If ever there was a sport for the masses, it is day hiking. It requires little equipment--a pair of boots, a day pack and a bottle of water--and little athletic ability. It's as easy as walking.
Don't confuse day hiking with its rich cousin, backpacking. That requires a lot of equipment and a fair amount of training.
Day hiking is easy to get into. There are plenty of books in outdoor and sporting goods stores that tell of countless trails in Southern California. There are many places within easy driving distance of Orange County that provide a wide range of beauty and physical challenges.
One of the best ways to begin is with the Sierra Club, one of the largest conservation groups in the United States.
The club sponsors daily hikes that are described in the Sierra Club handbook, which is available at bookstores and outdoor stores for less than $4.
To hike with the club does not require Sierra Club membership (which costs $29).
Hikes range from midweek conditioning walks to weekend jaunts in every part of the state. They are for every type of hiker--novice to expert.
What follows is an account of one such hike. Like many a Sierra Club journey, the people involved had experience ranging from substantial to none.
9:16 a.m.: Meet Your Leader
Dave Jensen is standing in front of 14 people he will lead through Ice House Canyon (elevation 5,000 feet) to the top of Timber Mountain located near Mt. Baldy in Angeles National Forest.
Jensen is tall and balding and serious about the task he is about to undertake.
Every Sierra Club hike requires a leader, who is responsible for scouting the trail, setting the pace of the hike and making sure everyone is relatively happy and very healthy.
Jensen, a member of the Long Beach chapter, informs his group that the hike climbs a little more than 3,300 feet. He says that it will probably last about six hours. He adds, "It's pretty hot, so I'm not going to be running up this thing."
"Good," comes an anonymous reply. "Because you'd be running alone."
The people may wear packs on their backs, boots on their feet and march in a straight line, but the army this isn't.
Ages for the hikers range from 25 to 67.
No one is interested in setting land speed records. After brief introductions consisting of yelling out first names, Jensen signals the group forward to the trail.
We start at 9:22, eager to see what nature has in store and ready to handle whatever disaster may come.
9:24: The First Disaster
Of all people to fall, who would have suspected Keats Hayden.
She is an experienced climber, having topped more than 400 peaks. But as we start out on a grade no steeper than an average driveway, Keats loses her balance and tumbles. It leaves her with a scrapped knee and a wounded ego.
"My feelings are hurt more than my body," she says.
Hayden, 66, is president of the Orange County group of the Sierra Club, which has more than 6,000 members. Those members are kept apprised of hikes and events by the group's two newsletters--the Orange Peel and the Santiago.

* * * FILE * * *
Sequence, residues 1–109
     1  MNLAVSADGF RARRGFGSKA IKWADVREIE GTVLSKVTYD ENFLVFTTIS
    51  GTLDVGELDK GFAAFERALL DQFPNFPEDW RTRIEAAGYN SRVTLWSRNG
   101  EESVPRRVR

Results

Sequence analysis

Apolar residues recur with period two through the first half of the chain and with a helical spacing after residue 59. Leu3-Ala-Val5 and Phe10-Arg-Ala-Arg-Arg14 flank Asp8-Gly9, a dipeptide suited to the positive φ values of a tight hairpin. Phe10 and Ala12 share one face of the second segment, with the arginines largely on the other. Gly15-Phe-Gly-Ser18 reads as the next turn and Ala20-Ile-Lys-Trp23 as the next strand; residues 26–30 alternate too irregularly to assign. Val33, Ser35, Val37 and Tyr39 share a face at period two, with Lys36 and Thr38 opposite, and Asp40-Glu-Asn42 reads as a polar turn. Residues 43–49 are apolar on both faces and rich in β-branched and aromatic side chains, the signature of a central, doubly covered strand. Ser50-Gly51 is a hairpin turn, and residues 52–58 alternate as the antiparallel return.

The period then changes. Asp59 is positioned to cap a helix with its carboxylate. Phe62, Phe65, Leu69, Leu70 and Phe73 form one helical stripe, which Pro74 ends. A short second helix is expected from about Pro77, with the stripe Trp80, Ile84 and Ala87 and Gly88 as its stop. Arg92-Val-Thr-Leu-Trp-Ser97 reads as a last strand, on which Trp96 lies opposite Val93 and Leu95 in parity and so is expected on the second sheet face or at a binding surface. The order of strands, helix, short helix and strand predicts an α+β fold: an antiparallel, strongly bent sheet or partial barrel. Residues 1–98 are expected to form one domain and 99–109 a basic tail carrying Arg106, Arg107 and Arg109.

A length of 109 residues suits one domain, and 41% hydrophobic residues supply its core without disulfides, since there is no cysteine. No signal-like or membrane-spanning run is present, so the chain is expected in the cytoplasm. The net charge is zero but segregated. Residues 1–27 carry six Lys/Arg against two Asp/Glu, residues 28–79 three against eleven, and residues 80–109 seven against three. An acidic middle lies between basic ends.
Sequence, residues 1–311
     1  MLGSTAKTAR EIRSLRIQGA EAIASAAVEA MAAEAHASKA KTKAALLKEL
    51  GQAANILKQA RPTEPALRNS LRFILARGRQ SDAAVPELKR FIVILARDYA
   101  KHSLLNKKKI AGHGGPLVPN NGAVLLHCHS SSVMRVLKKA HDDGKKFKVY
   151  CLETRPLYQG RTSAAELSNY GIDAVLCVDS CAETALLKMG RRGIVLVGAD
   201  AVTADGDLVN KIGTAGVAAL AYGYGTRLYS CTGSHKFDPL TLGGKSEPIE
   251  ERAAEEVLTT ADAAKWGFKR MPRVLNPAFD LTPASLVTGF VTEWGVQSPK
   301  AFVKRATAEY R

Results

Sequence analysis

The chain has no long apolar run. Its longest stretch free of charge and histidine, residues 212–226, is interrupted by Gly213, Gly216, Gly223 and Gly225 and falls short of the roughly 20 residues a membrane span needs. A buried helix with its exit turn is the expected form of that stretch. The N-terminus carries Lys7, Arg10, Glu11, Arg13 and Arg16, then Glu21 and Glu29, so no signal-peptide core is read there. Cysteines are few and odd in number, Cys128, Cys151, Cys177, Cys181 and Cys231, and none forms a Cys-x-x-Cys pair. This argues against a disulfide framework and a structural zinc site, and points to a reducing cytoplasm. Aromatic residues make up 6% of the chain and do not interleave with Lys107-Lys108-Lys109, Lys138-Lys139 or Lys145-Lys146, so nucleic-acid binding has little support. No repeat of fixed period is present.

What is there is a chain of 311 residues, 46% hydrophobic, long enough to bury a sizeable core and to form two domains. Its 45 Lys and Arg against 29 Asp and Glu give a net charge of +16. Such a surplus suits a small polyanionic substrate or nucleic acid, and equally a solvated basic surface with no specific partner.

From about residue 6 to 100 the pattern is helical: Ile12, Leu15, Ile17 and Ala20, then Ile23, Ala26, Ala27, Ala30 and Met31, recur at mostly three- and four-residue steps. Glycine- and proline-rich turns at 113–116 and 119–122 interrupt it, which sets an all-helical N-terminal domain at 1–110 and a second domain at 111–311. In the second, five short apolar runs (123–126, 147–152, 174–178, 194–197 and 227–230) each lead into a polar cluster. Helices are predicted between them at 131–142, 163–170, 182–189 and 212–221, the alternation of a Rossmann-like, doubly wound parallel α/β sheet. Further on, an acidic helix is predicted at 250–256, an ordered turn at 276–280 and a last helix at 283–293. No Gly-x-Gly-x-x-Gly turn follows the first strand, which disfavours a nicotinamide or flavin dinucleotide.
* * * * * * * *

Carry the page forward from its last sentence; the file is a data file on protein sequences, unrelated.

Hayden has been in the club for about 20 years, squeezing in climbs between raising 10 children.
"If you had 10 kids, you'd feel like climbing a mountain, too," she says, laughing.
Her face is sunburned and weathered from the elements. It creases every time she smiles or laughs, which is often.
As we climb she shouts to the group about a burned-out cabin to the right or an interesting form of plant life to the left.
Everyone likes Keats, but there is one thing that bothers some beginners about her.
She fell. If someone as experienced as Keats could fall, what is to protect the novice?
A quick observation of beginners shows that they are now watching each step like Zen masters.
9:49: The First Break
After walking for about 20 minutes, Jensen decides to give the group a five-minute rest in a shady area. This place is called Ice House Canyon, but it's very hot.
With every step the sun's rays seem to intensify. The rest is welcomed, especially by Paula Hardy of Long Beach, who is just starting to get back into hiking.
This is Hardy's first climb in more than a year. She had been an active member for some time, but her job as a special education teacher took most of her time. Hardy, 30, is a member of the Sierra Singles, a group of unmarried club members. The singles sponsor their own climbs and events.
"They're really very popular," Keats says. "We'll have about 40 people show up for our regular weekly meetings. The singles will have about 400."
Hardy is quick to point out that the singles group is not a traveling wilderness singles bar.
"I don't come here to meet a husband," she says. "I like to go on the trips because I know I'll be with nice people who share similar interest."
Right now, similar interests are gulping water and soaking up as much shade as possible. The heat has caused a few people in the group to wonder if they are going to make it.
10:14: We Lose One